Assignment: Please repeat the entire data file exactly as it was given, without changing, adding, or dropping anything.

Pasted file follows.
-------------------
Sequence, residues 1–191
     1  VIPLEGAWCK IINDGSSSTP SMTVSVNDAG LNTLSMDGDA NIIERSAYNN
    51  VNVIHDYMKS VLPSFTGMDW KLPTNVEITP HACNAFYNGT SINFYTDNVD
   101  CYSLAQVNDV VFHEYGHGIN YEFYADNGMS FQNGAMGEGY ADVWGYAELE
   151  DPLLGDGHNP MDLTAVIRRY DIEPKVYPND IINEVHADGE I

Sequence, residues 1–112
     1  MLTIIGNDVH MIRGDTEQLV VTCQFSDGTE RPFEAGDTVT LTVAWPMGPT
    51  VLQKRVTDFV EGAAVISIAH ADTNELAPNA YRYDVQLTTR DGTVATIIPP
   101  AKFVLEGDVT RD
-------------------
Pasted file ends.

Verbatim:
Sequence, residues 1–191
     1  VIPLEGAWCK IINDGSSSTP SMTVSVNDAG LNTLSMDGDA NIIERSAYNN
    51  VNVIHDYMKS VLPSFTGMDW KLPTNVEITP HACNAFYNGT SINFYTDNVD
   101  CYSLAQVNDV VFHEYGHGIN YEFYADNGMS FQNGAMGEGY ADVWGYAELE
   151  DPLLGDGHNP MDLTAVIRRY DIEPKVYPND IINEVHADGE I

Sequence, residues 1–112
     1  MLTIIGNDVH MIRGDTEQLV VTCQFSDGTE RPFEAGDTVT LTVAWPMGPT
    51  VLQKRVTDFV EGAAVISIAH ADTNELAPNA YRYDVQLTTR DGTVATIIPP
   101  AKFVLEGDVT RD